Introduction Top


An acceptable implant restoration is one that bears a resemblance to the natural tooth. It is crucial for the successful outcome and satisfaction of the patient and the clinician. Prosthetic rehabilitation of a missing tooth aims to achieve the balance between “the pink zone” and “the white zone,” especially in the esthetic areas. One of the sequelae of the extraction of the tooth is loss of buccal bone.[1],[2] The reason behind the resorption of buccal bone is the loss of the periodontal ligament (PDL) which is one of the sources of blood supply to the bundle bone and the outer cortex. The buccal bone reduction further causes vertical and horizontal bone loss of the alveolar ridge and usually continues throughout life.[3],[4] A variety of preventive procedures like extraction socket grafting techniques, and postridge collapse procedures, such as bone augmentation, soft-tissue augmentation, or a combination of these, have been used to compensate for this loss.[5]

To minimize the postextraction bone loss and to reduce overall procedure and restoration time, immediate implant placement procedures have been introduced. Although survival rate of immediate implant placements is similar to delayed implants; it is not successful in preventing the postextraction loss of vertical and horizontal buccal bone and often results in flattening of the interproximal bony scallop.[6] This results in unesthetic black triangles between restored teeth leading to the complex rehabilitation process.[7] The buccal bone recession and ridge collapse can lead to an esthetic compromise and can be disastrous in cases with high esthetic demand like the anterior maxillary teeth in young female patients, patients with high lip lines and/or thin gingival biotype or multiple mutilated nonrestorable teeth.[2]

Recently, the socket-shield technique (SST) has emerged as an alternative treatment modality to replace the hopeless teeth in the esthetic zone.[8],[9] The objective of SST is to longitudinally section the root of the nonrestorable tooth and extract only the palatal part so that the buccal section remains intact in the socket with its attached PDL and buccal cortical plate. The rationale behind this procedure is to preserve the bundle bone by preserving the PDL. The remaining undamaged and immobile buccal root fragment prevents the expected postextraction socket remodeling and supports the buccal/facial hard and soft tissues.[10] SST is quoted by various other names as partial extraction therapy, root membrane technique, and partial root retention.[10],[11],[12],[13],[14]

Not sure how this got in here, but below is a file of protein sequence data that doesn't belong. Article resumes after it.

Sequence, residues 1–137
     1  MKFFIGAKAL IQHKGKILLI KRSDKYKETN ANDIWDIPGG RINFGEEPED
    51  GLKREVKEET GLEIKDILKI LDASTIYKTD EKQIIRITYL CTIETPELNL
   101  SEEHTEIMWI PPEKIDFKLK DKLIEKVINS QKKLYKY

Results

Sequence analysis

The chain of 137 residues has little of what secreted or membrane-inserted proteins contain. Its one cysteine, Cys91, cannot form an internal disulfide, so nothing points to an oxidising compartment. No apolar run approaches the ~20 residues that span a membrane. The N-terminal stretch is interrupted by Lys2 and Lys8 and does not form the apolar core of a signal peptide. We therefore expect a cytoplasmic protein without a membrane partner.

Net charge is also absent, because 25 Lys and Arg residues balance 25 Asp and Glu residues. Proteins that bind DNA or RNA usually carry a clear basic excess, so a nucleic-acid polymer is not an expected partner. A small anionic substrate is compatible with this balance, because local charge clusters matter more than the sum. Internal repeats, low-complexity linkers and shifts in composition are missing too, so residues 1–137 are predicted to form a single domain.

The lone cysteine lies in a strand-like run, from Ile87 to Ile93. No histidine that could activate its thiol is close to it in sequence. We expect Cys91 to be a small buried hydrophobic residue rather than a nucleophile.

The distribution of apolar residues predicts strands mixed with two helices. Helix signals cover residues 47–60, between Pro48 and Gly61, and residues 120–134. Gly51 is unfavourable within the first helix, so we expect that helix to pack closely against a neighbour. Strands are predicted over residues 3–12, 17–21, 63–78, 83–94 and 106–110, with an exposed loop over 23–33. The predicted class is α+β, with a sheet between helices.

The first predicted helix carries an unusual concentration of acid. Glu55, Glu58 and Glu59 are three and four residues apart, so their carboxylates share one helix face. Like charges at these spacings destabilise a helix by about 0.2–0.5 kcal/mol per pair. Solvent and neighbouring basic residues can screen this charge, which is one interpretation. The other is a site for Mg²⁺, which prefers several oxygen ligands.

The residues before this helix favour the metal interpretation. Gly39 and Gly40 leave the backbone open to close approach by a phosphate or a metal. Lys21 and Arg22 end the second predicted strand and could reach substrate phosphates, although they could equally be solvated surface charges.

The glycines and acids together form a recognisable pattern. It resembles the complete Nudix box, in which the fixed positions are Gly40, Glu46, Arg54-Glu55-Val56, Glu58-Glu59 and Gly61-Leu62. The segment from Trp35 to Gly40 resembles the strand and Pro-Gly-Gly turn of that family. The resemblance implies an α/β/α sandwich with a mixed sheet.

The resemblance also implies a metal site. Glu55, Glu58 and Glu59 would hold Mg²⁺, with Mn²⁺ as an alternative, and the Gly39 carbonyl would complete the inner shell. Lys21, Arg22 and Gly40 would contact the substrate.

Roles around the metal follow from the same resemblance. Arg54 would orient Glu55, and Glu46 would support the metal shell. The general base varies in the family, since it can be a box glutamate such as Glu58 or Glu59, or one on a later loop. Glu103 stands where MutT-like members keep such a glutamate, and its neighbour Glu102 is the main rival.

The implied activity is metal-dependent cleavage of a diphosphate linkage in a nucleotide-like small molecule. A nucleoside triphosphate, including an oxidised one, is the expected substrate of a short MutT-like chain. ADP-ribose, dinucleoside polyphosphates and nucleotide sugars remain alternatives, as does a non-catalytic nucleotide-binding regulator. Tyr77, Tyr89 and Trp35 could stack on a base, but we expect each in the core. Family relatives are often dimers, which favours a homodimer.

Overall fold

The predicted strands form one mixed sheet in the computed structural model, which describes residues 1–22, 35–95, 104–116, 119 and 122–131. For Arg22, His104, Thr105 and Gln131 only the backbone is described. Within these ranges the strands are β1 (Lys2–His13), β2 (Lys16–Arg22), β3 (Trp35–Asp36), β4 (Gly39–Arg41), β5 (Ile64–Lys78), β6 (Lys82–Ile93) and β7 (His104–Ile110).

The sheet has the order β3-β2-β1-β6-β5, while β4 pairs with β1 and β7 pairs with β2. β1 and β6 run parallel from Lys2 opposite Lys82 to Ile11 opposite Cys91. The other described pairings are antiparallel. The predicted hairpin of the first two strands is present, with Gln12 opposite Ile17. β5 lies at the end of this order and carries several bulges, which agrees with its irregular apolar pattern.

The aim of this study was to analyze and compare the Pink Esthetic Scores (PES) and radiological scores after the placement of provisional and definitive prosthesis using two flapless and graftless immediate implant techniques: conventional versus SST [Table 1].[15],[16],[17]
Table 1: Pink Esthetic Score (PES) Index [15],[16],[17]

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   Materials and Methods Top


Twenty patients (14 males and 6 females; mean age: 37 years) who had vital or nonvital nonrestorable tooth/root stumps and who reported to Department of Prosthodontics and Crown & Bridge, School of Dental Sciences, Sharda University, Greater Noida, India, between January 2017 and March 2018 were selected according to a predefined criterion. The study was approved by the Human Ethical Committee of the institution. The procedure was explained to all the patients in detail, and informed consent was obtained in writing from them. Thirty sites involving replacement of failing/fractured maxillary anterior teeth were used (tooth no. #13, #12, #11, #21, #22, and #23) for the study, and it included both root canal treatment treated and vital nonrestorable teeth/root stumps. Only firm teeth/root stumps with no buccal bone loss were selected for the study [Figure 1] and [Figure 2]. The exclusion criteria were all absolute and relative contraindications to implant surgery, sites with a multirooted tooth, perforated buccal bone, root stumps/tooth with mobility, periodontal loss, and the internal and external resorption of the involved tooth.